The race home for bath and bedtime is one working parents know only too well. I ran it for years, and still do because I refuse to be a weekend dad. For a long time I’d get home on time but it wasn’t worth it. I was frustrated because my kids were moving too slowly. I turned into a nag, and often got angry. Half my mind was still at work. Getting the kids to bed brought feelings of guilt and regret. After years of trial and error that short time is now good time. Here’s what I learnt.
Weekday time is more important than you realise
The average full-timer works about 225 days a year. If you’re a weekend dad, or mum, that only leaves 140 days to build a relationship with them a year if you see them every single day you’re not at work. You’re only there for 38% of their young lives. Little more than a third.
I knew that in my gut, but confronting the hard reality of the stats really made me stop and think. If I’m only there for such a short time, how do I make the most of it, and how do I get more.
That feeling of regret
Bursting through the door on time is not the end of the race. It’s the start of a different event that runs on a completely different tempo. Before I recognised this, I would rush home, try and connect with my children, but couldn’t. I found myself nagging and frustrated. My mind just won’t stop whirring with the next thing we needed to do, and I was always partly distracted by a thought about something at work.
At the time, I was familiar with a particular type of regret. When the children are in bed, the house is quiet I realised I was a crap parent, too naggy, too impatient, and often angry. Despite not wanting to be a weekend dad, I was beginning to think it would be better if I wasn’t there.
The right mindset for the right place
Work is fast, focused on getting things done. Home is slower, focused on creating connections and the conditions for learning and fun. It’s a different tempo. You fail when you bring the work mindset home. I learnt to see the journey home as a time to transition between the two, instead of a race to get home.
This realisation made the biggest difference. Making the transition is easy once you know how, but it took me years of messing up to work out. It’s all about intentionally turning off work and turning on parenting.
There’s a little trick to turning off work. Once you’ve done tomorrow’s to do list, take it with you and let your mind wander on the way home. Something always pops up, because you’re brain knows what the loose ends, you need to slow down enough for it to tell you. Giving your brain the space to bring it up before you get home, makes sure you don’t get distracted when you’re at home.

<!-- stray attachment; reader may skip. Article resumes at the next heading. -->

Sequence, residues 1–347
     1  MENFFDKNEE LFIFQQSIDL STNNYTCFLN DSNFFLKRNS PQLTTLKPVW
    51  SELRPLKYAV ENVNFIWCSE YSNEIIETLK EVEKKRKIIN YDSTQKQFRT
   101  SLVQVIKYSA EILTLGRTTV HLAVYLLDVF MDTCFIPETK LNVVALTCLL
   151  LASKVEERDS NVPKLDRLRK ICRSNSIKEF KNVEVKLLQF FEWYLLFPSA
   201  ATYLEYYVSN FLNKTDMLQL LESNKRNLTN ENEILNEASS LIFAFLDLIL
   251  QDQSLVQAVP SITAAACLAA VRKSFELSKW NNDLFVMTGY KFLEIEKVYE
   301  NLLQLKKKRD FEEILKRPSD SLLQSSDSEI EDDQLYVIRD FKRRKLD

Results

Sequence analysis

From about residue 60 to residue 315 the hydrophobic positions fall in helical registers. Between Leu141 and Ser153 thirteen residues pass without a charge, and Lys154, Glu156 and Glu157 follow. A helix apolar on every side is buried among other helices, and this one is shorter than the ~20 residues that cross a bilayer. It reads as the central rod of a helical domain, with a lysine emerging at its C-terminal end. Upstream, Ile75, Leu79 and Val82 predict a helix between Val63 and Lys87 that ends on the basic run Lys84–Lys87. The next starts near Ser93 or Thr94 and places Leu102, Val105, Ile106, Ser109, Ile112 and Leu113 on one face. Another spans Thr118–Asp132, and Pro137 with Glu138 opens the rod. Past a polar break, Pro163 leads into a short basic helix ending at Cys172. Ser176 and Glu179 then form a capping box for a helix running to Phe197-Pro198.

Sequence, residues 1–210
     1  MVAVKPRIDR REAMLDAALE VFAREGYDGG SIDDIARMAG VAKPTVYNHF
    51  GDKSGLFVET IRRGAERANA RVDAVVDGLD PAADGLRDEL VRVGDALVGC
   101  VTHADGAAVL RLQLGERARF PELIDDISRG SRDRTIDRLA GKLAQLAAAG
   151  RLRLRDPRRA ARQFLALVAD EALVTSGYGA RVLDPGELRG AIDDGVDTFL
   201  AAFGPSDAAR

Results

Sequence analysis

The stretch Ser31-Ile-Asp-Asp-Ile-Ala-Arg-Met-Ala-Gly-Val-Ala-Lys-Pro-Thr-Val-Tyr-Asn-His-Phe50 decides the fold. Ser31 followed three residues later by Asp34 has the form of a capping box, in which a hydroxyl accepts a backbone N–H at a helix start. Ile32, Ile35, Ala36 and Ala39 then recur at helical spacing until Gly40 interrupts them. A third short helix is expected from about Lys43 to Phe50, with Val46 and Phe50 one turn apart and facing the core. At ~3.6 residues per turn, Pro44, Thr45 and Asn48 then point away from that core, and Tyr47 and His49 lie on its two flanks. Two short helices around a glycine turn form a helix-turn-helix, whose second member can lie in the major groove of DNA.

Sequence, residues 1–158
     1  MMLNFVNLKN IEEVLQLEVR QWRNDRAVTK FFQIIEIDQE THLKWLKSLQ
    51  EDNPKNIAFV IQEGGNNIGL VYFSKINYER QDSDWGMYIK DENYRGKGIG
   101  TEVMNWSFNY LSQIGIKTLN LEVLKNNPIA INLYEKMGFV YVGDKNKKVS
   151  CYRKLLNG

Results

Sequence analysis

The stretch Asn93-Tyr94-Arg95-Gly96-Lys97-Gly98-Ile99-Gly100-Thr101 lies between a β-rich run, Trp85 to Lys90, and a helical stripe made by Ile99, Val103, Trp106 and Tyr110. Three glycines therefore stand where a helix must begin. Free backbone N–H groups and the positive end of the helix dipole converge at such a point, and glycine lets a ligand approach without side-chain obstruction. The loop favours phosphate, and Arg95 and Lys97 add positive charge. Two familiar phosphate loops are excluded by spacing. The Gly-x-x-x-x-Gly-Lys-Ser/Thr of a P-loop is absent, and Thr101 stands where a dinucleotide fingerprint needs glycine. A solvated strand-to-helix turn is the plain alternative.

Turning on parenting requires conscious effort too. It’s as easy as asking a question. What kind of dad, or mum, am I going to be? I found asking it on the short path up to the front door worked best. I let my mind fill with images of me having fun with them, of staying calm in the face of tantrums, of being playful in the face of a stubborn six year old refusing to eat dinner.
This question has been so helpful to me that I’ve got it printed on a postcard by my bed so I ask it every morning.
Making a real connection
Connect physically by hugging, holding hands, getting down to their level, looking them in the eyes. Your actions show them you’re really there and force you to actually be.
Connect mentally by giving them your undivided attention to make them feel positive emotions as a result. You might ask them about their day and tell them about yours. You might share something you’ve seen, heard, or thought of, or something that will make them laugh. Sometimes this is hard, so give yourself a time limit, 15 minutes of uninterrupted focus, then you can go and sort dinner out.
If it’s still not working, you might need to change more
In one job, I realised none of this was working. The job was too demanding. My stress was coming out in my children’s behaviour. I tried to renegotiate with work, but it didn’t work. So I changed jobs, because I don’t want to be a weekend dad. Ever.
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